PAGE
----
The resurgent dollar took a breather versus other major currencies, leveling off after hitting multi-month highs as traders booked some profits and considered data showing that the US trade deficit narrowed a bit last month.
Minneapolis Federal Reserve Bank President Gary Stern said Tuesday that the recent drop in oil prices "should help alleviate inflation concerns and inflation pressures as long as this sticks." In an interview on CNBC, Stern added that the decline in inflation pressure has allowed the FOMC to "be patient" on an interest rate hike.
The dollar has surged higher of late amid expectations that the interest rate gap between the US and EU would narrow, with many predicting that the Fed will raise rates and the ECB may begin an easing cycle.
However, with Stern's comments seen as dovish, the dollar failed to build on this month's dramatic gains against the euro. The buck held steady near 1.49 for most of the day, down slightly from a 5-month high of 1.4814.
The buck also leveled off against the sterling, holding near 1.90 after hitting a fresh year and a half high of 1.8967 in overnight dealing.
UK annual inflation continued to increase in July and reached a new record high, diminishing the possibility of a rate cut by the Bank of England. Annual inflation has more than doubled the official target rate on higher food and energy prices.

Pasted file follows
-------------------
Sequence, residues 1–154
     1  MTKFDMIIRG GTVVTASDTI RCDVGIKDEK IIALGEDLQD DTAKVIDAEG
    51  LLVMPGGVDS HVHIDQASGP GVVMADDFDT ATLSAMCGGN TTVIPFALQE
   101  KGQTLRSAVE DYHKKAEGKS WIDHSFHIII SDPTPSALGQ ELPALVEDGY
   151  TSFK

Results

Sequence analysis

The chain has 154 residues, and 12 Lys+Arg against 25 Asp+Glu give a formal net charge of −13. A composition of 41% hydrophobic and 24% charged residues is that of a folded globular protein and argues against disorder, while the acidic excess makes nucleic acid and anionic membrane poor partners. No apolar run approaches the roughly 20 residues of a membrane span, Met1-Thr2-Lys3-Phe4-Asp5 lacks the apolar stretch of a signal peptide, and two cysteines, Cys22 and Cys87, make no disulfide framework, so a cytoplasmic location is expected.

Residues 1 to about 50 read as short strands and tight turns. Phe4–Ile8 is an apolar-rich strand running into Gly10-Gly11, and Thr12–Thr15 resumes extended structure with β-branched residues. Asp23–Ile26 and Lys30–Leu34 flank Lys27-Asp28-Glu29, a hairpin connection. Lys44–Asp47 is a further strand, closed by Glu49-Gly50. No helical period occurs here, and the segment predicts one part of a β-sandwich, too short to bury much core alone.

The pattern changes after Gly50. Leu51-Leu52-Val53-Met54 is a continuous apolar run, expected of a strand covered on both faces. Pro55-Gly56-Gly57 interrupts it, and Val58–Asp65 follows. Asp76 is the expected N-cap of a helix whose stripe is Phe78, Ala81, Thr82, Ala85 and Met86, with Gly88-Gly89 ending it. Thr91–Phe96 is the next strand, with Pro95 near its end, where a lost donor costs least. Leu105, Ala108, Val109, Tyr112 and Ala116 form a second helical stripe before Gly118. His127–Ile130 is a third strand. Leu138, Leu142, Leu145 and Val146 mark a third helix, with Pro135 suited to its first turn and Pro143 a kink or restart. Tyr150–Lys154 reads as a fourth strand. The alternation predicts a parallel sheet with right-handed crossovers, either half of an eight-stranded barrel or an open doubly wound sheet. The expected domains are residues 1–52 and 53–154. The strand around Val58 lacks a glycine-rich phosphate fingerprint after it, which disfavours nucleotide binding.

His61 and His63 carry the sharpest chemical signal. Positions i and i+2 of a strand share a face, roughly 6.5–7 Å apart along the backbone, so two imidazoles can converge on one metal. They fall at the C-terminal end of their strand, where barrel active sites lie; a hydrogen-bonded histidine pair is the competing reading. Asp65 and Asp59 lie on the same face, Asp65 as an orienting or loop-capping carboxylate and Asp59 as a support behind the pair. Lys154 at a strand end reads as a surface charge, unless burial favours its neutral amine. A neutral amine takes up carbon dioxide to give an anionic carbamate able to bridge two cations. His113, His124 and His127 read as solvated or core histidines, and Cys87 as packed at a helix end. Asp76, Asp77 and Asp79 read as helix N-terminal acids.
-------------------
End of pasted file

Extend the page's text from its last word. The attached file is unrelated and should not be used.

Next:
A report released by the Office for National Statistics revealed that UK annual inflation accelerated to 4.4% in July from 3.8% in June. Inflation continues to stay well above the official target of 2%, and the 4.2% expected by economists. The current rate is the highest since the official series began in January 1997.
The dollar pulled back a bit versus the yen, easing from a 7-month peak of 110.39 to fetch 109.60 in Tuesday afternoon's dealing. The buck turned lower even as Japan's consumer confidence indicator fell to its lowest level since the Cabinet Office started compiling data in 1982.
Japan's Cabinet Office said in a report that household's consumer confidence fell for the fourth month in a row to reach 31.4 in July. The confidence indicator decreased from 32.6 recorded in June.
The dollar also gave back some of its recent gains against the loonie, slipping to 1.0615 from a yearly high of 107.26. Traders tracked trade balance figures from both sides of the border.
The U.S. trade deficit unexpectedly narrowed in the month of June, according to a report released by the Department of Commerce on Tuesday, with the narrower trade deficit reflecting a notable increase in the value of exports.
The report showed that the trade deficit narrowed to $56.8 billion in June from a revised $59.2 billion in May. Economists had expected the deficit to widen to $61.9 billion compared to the $59.8 billion originally reported for the previous month.
Meanwhile, Canada's trade surplus with the world widened to $5.8 billion in June from $5.2 billion in May, according to data released Tuesday morning by Statistics Canada.
by RTT Staff Writer
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